Choosing Beta Readers

Choosing Beta Readers


Congratulations!

You’ve written a book.

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Books are meant to be read, but your first draft is probably not the prize winner you want it to be. Not yet, anyway. That certainly doesn’t mean it can’t be, but you need some fresh eyes. When I first wrote The Elder Throne, my finished first draft was a flawed, exhausted thing. Instead of jumping right into the Beta Reading pool, I knew I had to run it past a developmental editor for a second opinion. Of course, that’s just me. Not everyone wants to do that, and that’s fair enough. What every writer should do, however, is choose a group of Beta Readers. And here’s how.


What are Beta Readers?


Using a very helpful Google search: Beta readers are not explicitly proofreaders or editors, but can serve in that context. Elements highlighted by beta readers encompass things such as plot holes, problems with continuity, characterisation or believability; in fiction and non-fiction, the beta might also assist the author with fact-checking.

The way I see it, Beta readers are the trusted few who can criticise your life’s work and you’ll take it with a smile. This is because they’ll offer constructive criticism: honest, well-meant advice about how to make your book-baby the best it can be.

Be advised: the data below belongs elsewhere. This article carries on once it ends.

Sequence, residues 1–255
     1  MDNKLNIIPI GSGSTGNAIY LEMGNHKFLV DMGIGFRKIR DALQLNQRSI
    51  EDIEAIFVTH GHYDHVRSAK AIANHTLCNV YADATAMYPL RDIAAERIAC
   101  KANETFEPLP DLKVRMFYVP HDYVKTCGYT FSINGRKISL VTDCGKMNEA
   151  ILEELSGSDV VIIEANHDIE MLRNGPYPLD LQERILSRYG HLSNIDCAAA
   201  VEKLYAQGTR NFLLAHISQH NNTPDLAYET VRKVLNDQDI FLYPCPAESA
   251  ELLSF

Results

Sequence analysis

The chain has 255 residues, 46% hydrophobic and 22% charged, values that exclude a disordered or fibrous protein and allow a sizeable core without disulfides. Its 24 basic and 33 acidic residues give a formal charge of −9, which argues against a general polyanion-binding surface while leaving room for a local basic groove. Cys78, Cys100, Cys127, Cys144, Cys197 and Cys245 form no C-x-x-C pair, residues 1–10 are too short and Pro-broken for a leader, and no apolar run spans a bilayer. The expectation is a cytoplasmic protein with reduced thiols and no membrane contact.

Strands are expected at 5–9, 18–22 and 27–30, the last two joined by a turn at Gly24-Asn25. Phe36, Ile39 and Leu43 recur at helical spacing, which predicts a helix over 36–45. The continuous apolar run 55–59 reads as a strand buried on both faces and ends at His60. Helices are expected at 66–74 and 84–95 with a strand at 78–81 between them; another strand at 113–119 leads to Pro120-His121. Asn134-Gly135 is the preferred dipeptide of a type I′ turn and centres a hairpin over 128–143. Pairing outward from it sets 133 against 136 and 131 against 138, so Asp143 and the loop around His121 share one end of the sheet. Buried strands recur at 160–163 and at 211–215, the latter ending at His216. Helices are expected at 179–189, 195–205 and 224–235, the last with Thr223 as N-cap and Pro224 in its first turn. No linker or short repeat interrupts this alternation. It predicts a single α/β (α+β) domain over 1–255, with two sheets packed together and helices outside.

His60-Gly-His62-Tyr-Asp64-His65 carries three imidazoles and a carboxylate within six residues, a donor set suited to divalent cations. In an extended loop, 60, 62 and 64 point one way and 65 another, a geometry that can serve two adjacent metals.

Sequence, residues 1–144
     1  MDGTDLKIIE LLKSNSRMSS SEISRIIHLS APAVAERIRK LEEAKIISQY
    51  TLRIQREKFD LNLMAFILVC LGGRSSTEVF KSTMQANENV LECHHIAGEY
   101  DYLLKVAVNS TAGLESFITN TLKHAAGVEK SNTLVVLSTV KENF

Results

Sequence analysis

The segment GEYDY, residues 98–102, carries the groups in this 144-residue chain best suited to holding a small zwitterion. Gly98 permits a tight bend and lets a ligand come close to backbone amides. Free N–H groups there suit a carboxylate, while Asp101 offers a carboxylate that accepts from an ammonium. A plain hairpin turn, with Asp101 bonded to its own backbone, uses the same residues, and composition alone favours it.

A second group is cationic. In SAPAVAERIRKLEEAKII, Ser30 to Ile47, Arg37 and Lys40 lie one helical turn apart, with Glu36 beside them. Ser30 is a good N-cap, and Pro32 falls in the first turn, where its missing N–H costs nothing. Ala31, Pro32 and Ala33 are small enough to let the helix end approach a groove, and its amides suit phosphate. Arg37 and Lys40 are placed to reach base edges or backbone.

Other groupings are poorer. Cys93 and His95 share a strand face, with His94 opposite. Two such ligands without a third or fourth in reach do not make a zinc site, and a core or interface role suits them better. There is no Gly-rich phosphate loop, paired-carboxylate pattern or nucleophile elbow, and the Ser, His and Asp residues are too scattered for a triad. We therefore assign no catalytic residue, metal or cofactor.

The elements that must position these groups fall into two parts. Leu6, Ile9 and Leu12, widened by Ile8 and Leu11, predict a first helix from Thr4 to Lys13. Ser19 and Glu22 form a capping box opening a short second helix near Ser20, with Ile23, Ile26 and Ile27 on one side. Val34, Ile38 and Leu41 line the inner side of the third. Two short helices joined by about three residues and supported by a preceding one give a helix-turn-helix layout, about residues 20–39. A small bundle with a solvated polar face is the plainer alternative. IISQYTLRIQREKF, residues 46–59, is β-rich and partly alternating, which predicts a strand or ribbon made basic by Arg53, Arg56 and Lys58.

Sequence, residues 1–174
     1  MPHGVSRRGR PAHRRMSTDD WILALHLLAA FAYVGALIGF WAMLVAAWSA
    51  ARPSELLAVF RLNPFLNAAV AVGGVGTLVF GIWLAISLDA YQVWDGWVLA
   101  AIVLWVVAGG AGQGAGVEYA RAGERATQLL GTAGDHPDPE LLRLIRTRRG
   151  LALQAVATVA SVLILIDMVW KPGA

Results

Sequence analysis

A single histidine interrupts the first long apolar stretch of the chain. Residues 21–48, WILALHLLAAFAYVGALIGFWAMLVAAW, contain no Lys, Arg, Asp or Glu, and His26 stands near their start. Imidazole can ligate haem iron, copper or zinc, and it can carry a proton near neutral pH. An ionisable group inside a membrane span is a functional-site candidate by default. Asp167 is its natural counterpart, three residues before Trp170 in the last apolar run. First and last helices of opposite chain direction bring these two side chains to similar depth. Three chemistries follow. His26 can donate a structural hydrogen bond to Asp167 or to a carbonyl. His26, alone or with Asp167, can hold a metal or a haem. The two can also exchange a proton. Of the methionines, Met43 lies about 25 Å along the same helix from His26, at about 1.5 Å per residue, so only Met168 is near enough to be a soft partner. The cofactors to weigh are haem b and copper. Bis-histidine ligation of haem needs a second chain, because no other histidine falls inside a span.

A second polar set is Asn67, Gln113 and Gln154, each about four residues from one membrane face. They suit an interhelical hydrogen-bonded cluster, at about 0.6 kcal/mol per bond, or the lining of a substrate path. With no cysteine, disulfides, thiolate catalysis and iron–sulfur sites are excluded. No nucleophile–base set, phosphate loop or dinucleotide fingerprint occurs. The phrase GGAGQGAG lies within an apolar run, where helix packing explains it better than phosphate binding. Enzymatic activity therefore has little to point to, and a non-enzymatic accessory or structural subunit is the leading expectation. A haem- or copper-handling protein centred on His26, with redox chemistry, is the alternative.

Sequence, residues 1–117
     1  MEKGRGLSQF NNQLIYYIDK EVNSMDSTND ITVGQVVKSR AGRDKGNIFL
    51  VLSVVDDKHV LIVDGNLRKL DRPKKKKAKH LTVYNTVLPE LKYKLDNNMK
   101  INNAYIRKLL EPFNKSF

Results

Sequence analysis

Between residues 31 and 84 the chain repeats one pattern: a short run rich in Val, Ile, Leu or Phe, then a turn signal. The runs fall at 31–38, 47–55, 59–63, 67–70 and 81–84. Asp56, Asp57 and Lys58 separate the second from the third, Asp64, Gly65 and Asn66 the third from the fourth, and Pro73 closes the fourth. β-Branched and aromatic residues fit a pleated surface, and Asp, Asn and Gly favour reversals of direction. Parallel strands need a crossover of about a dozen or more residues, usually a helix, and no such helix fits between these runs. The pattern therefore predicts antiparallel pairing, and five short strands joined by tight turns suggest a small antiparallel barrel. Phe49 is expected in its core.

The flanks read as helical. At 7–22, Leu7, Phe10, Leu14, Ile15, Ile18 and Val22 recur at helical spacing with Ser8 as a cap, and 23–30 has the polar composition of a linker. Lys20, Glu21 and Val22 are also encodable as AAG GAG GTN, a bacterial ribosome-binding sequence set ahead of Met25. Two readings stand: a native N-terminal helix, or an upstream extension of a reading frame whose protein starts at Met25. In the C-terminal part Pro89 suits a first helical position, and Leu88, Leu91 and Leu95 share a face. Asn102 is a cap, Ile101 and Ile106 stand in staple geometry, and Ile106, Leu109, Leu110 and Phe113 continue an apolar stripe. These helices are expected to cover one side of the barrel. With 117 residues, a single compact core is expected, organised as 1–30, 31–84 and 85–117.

How many Beta Readers should I have?


A difficult question. The answer? Not too many, not too few.

As annoyingly vague as that sounds, it’s up to the author to gauge how many readers they think will give them a good range of opinions. The danger of choosing too few readers is that aspects for improvement will be missed, and the danger of choosing too many is that so much criticism will flood your own ideas and vision for your novel.

For The Elder Throne, my Beta base camp totalled at 10 people, for two reasons:

  • I thought it’d give me the best range
  • I have a thing about even numbers

For some books and authors, that might be far too many readers, but mine weren’t chosen randomly. In fact, I chose them very carefully so they could each offer me a different, valuable opinion. Every Beta had something unique to offer to my story, and were handpicked out of the mire because of that. No one in my base camp was just there to fill numbers – everyone provided something I could not get from anyone else in the group. This is important to remember when you choose your own Betas. Be picky!